When parents decide to end their marriage, both parties must establish a parenting plan governing what parental rights each will be granted post divorce and who may have to pay child support. These decisions can have many different outcomes based on the unique factors impacting the family and the best interests of the child. If you’re a parent who’s just starting to explore the divorce process, here’s a quick review of possible custody arrangements and how they work.

How Do Physical & Legal Custody Differ?

All forms of child custody are placed into one of two categories: physical and legal. Physical custody describes which parent the child will reside with the most, called the Primary Residential Parent. Parents with legal custody will be responsible for making important decisions about the child’s care, such as those involving school, religion, and medical treatments. These broad classifications of child custody may either be shared by each parent or awarded to just one.

What Are the Main Types of Child Custody?  


child custodySole, or full, custody means that the child will primarily be cared for by one parent after the divorce. Parents who receive custodial rights will typically need to adhere to a visitation schedule to keep the child in their life. A third-party professional, such as a social worker, may need to supervise these visits if the non-custodial parent has a history of violence or substance abuse that endangers the child.


When joint custody is awarded, both parents will provide some degree of regular care for the child. In some cases, each side will have an equal share of rights. In other situations, one parent may hold a larger portion of parenting responsibilities.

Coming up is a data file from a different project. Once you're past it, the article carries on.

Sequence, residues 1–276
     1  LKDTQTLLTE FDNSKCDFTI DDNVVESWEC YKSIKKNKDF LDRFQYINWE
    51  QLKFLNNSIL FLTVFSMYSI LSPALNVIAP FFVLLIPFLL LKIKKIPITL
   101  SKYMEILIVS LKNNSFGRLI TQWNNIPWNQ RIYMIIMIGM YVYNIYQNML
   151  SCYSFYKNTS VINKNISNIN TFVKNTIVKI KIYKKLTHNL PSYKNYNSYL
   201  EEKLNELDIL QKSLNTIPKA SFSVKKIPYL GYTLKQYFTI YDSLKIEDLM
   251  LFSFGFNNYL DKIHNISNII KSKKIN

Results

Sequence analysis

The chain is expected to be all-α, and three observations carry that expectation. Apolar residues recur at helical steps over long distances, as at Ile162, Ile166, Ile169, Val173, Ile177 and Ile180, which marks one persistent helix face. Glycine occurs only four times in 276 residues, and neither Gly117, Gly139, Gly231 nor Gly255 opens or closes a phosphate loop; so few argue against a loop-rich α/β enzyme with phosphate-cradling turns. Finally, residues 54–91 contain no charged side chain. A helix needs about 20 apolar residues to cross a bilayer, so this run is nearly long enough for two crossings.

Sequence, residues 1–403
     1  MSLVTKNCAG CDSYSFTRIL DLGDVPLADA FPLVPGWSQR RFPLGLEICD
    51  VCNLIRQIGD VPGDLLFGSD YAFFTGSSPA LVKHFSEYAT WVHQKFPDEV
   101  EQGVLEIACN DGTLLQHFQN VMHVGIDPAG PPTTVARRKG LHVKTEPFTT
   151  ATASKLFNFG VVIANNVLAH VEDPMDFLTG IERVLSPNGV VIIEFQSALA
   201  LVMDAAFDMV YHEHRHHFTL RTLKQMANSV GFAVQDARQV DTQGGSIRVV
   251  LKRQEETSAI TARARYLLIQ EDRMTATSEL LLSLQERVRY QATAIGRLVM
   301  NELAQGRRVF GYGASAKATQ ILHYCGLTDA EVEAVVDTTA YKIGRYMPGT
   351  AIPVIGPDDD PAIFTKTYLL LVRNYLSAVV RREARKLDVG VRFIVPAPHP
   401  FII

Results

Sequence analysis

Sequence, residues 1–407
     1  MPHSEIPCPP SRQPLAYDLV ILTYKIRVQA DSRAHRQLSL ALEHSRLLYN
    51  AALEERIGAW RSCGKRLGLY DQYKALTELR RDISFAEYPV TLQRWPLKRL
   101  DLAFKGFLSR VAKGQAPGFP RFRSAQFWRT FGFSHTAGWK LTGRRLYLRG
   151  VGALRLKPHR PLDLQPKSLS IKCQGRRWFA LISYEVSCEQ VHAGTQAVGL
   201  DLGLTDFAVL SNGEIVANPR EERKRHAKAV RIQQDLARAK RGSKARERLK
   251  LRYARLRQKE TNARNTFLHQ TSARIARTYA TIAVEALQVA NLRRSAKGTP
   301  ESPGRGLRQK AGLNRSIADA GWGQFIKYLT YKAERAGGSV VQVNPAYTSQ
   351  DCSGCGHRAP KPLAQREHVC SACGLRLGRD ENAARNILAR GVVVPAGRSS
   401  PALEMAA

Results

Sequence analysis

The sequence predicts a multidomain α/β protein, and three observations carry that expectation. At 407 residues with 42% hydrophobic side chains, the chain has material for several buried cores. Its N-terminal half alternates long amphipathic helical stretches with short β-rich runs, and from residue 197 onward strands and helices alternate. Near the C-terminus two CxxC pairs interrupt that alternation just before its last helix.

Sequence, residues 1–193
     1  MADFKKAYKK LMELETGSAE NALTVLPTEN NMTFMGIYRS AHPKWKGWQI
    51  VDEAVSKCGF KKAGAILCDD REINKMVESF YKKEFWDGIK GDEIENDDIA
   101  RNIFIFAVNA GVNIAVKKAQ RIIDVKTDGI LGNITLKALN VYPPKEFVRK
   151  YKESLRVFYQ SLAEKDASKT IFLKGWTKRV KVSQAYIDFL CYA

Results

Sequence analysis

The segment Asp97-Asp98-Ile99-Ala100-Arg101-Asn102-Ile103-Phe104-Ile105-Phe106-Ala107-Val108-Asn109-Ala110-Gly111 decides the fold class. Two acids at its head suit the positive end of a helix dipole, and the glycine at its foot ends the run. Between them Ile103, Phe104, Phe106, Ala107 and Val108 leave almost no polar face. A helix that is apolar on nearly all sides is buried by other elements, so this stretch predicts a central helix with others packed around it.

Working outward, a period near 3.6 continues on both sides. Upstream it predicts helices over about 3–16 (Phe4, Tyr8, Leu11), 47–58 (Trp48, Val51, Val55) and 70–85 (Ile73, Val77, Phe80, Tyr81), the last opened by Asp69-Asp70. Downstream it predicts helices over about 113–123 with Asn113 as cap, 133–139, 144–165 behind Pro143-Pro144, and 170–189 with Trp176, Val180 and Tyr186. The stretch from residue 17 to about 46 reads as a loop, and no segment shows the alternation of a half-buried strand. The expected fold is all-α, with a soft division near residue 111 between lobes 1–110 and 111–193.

Third-party child custody may be necessary if the court finds the parents unfit for the responsibility. A parent may be found unfit if they have a demanding career, struggle with substance abuse, have unresolved mental health conditions, possess a criminal history, or exhibit violent tendencies. Typically, third-party custody is awarded to a close relative of the child, such as an aunt, uncle, or grandparent. While the parents may be unfit, they can still be awarded visitation rights.


Split custody is a rare outcome that occurs when each parent is awarded custodial rights for specific children. Courts will typically avoid this option because they don’t want to cause harm by separating siblings. However, this arrangement can make sense if the children are vastly different ages and prefer to live with one parent.


While child custody matters are emotionally and legally complex, you don’t have to face them alone. Providing family law representation in Johnson City, TN, with more than 30 years experience, the Law Office of Mark W. McFall is prepared to provide in-depth support through every stage of your divorce, including child support and custody decisions. For more details on these services, visit this Washington County divorce attorney online. To schedule an initial consultation, call (423) 926-3070.